Science and Method
by Henri Poincare
Publisher: T. Nelson 1914
Number of pages: 302
Henri Poincare's Science and Method is an examination of the process scientists go through when determining which of the countless facts before them will be most useful in advancing scientific knowledge. In this highly readable text Poincare investigates mathematics, logic, physics, mechanics, and astronomy and discusses how the methods of selection differ with each field.
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by Nicholas Rescher - University of Pittsburgh Press
Perfected science is but an idealization that provides a useful contrast to highlight the limited character of what we do and can attain. Rescher's discussion focuses on the question: what are the theoretical limits on science?
by R. A. Bailey - Cambridge University Press
This book develops a coherent framework for thinking about factors that affect experiments and their relationships, including the use of Hasse diagrams. The book is ideal for advanced undergraduate and beginning graduate courses.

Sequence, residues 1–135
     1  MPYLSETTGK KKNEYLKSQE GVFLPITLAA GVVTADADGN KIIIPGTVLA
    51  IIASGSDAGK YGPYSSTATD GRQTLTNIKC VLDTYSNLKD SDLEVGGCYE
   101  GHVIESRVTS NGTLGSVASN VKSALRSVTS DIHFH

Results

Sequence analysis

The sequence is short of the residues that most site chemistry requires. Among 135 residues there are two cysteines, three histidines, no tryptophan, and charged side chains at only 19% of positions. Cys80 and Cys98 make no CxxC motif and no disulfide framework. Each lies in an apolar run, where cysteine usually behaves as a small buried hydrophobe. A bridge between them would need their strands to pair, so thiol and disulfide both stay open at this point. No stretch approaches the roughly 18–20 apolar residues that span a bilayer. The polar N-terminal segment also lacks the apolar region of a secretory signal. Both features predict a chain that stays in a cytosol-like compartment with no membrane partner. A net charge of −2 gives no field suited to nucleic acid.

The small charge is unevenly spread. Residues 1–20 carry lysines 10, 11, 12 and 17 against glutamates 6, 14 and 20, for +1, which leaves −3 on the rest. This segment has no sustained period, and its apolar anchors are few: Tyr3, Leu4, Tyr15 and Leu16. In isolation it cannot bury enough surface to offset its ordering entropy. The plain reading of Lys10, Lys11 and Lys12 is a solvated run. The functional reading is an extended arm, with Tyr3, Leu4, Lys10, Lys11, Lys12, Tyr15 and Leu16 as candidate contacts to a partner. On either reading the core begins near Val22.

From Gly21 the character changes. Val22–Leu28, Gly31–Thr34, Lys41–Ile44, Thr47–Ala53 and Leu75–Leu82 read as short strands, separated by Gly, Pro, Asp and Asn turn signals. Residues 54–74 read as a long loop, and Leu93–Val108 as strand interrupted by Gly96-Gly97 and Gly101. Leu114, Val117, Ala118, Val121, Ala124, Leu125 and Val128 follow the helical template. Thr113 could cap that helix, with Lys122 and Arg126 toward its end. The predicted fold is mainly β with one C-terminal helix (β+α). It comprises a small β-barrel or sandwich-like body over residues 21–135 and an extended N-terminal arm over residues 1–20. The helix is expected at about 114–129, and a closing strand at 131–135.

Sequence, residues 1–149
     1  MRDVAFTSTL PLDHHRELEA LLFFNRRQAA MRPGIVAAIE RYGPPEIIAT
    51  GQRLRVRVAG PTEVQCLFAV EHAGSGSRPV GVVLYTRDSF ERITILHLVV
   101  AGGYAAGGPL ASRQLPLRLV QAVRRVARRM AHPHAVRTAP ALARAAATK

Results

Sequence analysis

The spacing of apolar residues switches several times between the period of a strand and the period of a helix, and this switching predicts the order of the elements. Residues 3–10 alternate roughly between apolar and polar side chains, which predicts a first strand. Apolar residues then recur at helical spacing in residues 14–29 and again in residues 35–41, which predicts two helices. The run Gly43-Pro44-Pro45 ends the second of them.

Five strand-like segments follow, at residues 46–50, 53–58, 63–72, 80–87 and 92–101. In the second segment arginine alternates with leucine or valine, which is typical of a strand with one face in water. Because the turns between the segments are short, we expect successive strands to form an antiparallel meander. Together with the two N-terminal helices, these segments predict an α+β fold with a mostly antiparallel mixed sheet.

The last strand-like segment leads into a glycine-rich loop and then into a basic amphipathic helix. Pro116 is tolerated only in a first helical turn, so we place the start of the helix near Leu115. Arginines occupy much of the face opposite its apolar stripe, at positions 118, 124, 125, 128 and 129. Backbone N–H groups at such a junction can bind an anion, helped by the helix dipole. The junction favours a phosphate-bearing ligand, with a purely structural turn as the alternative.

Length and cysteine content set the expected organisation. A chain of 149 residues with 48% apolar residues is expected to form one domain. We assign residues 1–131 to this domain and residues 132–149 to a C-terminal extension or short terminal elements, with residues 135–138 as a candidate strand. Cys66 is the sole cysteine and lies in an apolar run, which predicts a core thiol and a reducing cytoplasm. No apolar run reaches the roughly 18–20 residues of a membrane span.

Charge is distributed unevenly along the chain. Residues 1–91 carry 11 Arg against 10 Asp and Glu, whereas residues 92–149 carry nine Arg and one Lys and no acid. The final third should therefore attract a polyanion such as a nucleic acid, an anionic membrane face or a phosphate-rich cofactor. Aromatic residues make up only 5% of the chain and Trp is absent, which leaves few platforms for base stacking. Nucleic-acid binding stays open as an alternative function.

by Mikulas Teich - Open Book Publishers
Mikulas Teich examines the ways of investigating and understanding nature that matured during the late Middle Ages and the Renaissance, insisting on the essential interpenetration of such inquiry with its changing social environment.
by Isabelle F. Peschard, Bas C. Fraassen - University of Minnesota Press
This volume offers a multifaceted view on experiments as designed in interaction with the modeling process. Highlighting the mediating role of models and the model-dependence of measurement, it proposes a conceptual innovation in scientific modeling.